Yet more rumors of a solar Prius

Japanese daily reports Toyota is "secretly" developing a solar-powered Prius. But we've heard this in one form or another for at least the last year.

A solar-paneled Prius done by Solar Electric Vehicles. SEV

Toyota is developing a solar-powered Prius, the Nikkei newspaper has reported yet again.

It was interesting when we heard about this in July.

But it seems to us that someone over at Toyota has now been fake-leaking/hinting news about a solar-powered Prius in one form or another for at least the last year.

This wonder-car-in-the-making has gone from being a Toyota Prius that uses solar roof panels from Kyocera to power its air conditioning unit , to "a vehicle that will be powered solely by solar energy" to quote one recent Associated Press article.

You may find it interesting that this rumor always comes floating by on the heels of bad news from Toyota.

In July, it accompanied news of a series of Toyota plant closings/reorganizations in the U.S.

This latest rumor seems to be timed to follow Toyota's December news that it, too, has succumbed to the world auto industry slump, reporting its first annual operating loss in 70 years, and a series of consolidations and changes in its organizational structure.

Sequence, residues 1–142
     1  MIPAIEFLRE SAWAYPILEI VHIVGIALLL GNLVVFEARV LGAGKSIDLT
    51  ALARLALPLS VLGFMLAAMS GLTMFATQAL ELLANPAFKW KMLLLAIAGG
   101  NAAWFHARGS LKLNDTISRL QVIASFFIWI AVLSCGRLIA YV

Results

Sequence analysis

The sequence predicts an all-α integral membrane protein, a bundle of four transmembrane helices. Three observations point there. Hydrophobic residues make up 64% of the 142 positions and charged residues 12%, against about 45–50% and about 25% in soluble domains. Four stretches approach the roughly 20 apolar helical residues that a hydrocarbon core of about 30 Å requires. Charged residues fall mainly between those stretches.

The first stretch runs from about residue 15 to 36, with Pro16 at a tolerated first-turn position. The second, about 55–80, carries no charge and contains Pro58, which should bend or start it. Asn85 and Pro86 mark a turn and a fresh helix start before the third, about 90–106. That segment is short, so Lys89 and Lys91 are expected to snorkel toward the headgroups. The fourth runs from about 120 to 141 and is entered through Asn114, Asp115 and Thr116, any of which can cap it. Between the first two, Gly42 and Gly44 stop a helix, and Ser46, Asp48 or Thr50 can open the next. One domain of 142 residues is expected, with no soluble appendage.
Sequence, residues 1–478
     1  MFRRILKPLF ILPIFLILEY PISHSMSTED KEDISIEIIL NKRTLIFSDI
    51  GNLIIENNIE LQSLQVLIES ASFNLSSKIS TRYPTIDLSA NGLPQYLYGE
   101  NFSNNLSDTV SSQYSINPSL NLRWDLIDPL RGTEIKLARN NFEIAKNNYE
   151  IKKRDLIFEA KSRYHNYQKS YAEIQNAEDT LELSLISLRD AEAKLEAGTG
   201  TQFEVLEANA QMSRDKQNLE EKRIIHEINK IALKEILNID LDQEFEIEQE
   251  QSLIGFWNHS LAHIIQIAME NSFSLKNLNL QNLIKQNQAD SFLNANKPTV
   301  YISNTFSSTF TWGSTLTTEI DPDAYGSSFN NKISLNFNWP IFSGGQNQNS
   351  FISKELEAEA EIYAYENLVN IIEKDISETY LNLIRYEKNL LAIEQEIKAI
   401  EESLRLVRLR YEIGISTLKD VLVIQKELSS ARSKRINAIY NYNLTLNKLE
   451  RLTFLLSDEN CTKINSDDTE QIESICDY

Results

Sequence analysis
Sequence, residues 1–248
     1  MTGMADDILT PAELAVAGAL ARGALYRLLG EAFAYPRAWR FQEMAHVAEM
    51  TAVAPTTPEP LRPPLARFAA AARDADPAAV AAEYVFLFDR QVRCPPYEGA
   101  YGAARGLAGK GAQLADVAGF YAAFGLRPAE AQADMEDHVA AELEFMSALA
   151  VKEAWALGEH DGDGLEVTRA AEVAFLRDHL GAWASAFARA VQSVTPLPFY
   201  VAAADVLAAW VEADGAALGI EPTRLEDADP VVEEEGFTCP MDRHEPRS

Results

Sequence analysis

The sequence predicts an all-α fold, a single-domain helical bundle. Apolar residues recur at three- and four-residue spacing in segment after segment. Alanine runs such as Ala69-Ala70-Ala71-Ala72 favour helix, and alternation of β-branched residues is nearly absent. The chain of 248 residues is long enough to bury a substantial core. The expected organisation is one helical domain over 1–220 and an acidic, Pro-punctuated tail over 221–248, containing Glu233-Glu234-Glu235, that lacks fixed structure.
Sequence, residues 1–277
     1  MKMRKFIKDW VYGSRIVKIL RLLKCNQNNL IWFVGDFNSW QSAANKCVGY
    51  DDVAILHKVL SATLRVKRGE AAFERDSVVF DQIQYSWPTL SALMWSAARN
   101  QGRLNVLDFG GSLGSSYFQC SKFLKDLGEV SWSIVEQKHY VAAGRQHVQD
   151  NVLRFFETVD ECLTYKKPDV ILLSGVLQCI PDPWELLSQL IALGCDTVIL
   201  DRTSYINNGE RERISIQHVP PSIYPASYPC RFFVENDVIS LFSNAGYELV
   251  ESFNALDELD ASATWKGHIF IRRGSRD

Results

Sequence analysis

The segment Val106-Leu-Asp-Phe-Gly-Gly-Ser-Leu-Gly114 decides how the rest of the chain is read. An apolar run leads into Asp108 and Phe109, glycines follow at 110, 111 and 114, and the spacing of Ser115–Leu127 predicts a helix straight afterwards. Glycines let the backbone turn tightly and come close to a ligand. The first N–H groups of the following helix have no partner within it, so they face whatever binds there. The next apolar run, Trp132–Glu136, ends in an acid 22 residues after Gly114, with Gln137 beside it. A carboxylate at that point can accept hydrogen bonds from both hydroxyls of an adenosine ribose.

Of course, there is already an available solar option for some Toyota owners in the U.S.

Solar Electrical Vehicles (SEV) has been offering an after-market Prius solar overhaul since June 2007 . It includes a customized solar panel for a Prius roof that can improve the car's efficiency by about 29 percent. SEV also offers kits for the Toyota Highlander, Rav4 EV, and Ford Escape Hybrid.

For those who just like reading about the idea of a solar car, Canadian engineer Marcelo da Luz and his team have been blogging about their attempt to set the world long-distance record for a solar-powered car with the Power of One (Xof1) vehicle.

About the author

In a software-driven world, it's easy to forget about the nuts and bolts. Whether it's cars, robots, personal gadgetry or industrial machines, Candace Lombardi examines the moving parts that keep our world rotating. A journalist who divides her time between the United States and the United Kingdom, Lombardi has written about technology for the sites of The New York Times, CNET, USA Today, MSN, ZDNet, Silicon.com, and GameSpot. She is a member of the CNET Blog Network and is not a current employee of CNET.

 

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